Friday, September 7, 2007/
Do I exist? Without the requisite documentation, IT support has its doubts…
I suspect that some of my readers believe that I do not exist, and that I am a mere journalistic device employed by the charming editor and her visionary publisher.
Those unfamiliar with the world of large corporates might think that my descriptions of day-to-day life are too absurd to be real, and that they are contrived for the sake of entertainment.
This is an understandable view – in fact I had my own doubts, after a recent attempt to replace a broken desktop printer.
When the new printer arrived, I called the IT team to have it connected.
My first contact with the “service provider” was therefore to receive a rebuke over having used “the wrong form” (perhaps on the other side of the looking glass the service provider declines to distribute the wrong form?). Service Provider then pointed out that I needed to request the printer using the correct form.
I meekly accepted the reprimand and agreed to submit the correct form, and inquired about where to find it. Service Provider explained that I could find the form on the intranet and print it out, have it authorised, then fax it.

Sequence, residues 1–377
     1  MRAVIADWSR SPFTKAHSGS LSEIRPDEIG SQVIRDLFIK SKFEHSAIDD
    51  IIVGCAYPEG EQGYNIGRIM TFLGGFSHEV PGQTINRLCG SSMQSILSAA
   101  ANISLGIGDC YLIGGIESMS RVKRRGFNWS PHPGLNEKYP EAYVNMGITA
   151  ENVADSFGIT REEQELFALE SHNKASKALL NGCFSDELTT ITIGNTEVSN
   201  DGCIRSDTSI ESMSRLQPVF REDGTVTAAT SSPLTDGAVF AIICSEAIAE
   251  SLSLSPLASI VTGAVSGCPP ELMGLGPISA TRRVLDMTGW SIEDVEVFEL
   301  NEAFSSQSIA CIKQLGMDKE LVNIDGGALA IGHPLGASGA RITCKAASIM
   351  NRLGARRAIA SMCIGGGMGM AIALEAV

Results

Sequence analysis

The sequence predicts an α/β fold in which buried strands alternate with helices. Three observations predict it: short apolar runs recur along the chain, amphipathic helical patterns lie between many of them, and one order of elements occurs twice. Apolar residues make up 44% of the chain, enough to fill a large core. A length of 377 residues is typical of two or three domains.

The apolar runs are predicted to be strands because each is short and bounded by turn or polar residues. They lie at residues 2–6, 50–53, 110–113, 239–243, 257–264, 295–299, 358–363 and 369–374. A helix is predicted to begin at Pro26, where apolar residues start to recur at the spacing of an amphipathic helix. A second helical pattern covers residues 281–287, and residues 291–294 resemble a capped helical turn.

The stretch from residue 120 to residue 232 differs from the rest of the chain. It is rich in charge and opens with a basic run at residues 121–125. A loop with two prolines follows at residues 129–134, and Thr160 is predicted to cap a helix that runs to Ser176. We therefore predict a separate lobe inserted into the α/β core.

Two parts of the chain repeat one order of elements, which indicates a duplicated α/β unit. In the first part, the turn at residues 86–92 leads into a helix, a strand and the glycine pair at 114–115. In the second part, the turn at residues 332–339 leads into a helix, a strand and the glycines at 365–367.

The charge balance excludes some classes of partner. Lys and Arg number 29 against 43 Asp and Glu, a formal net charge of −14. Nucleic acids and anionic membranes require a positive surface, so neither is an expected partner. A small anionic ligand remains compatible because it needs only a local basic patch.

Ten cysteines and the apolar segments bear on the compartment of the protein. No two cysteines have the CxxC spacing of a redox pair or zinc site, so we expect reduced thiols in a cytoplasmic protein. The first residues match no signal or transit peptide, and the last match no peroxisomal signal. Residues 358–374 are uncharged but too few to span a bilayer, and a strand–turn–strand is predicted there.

Mildly I pointed out that printing was a bit of a moot point. The desktop printer was needed because the Service Provider was unable to connect me to the network printer.
Service Provider had a suggestion: email the link to a nearby colleague for them to print. Unfortunately, nearby colleagues are part of a different team – they do have access to a network printer, but they do not have access to that part of the intranet.
Service Provider was stumped for a while and then to my surprise offered to bring the form and connect my PC to the network printer. Only 36 hours later than promised, the Service Provider appeared in person (which personal appearance will have those who do work in large corporates wondering whether my descriptions of day-to-day life are too absurd to be real, and are contrived for the sake of entertainment).
On inspection, the “right” form precisely duplicated the information and approvals on the “wrong” previous form. Nonetheless, I completed the form while Service Provider inspected my PC. He explained that he could not after all connect me to the network printer. IT had no infrastructure on the floor; I should not have been there; and my PC should not have been able to connect.
Which I think leaves me at the end of this blog with my existence doubted by those who do work in large corporates, those who don’t, and our Service Provider. But on the bright side, I was provided with a cast-iron excuse for doing no work – which I should be able to stretch out for at least another week.
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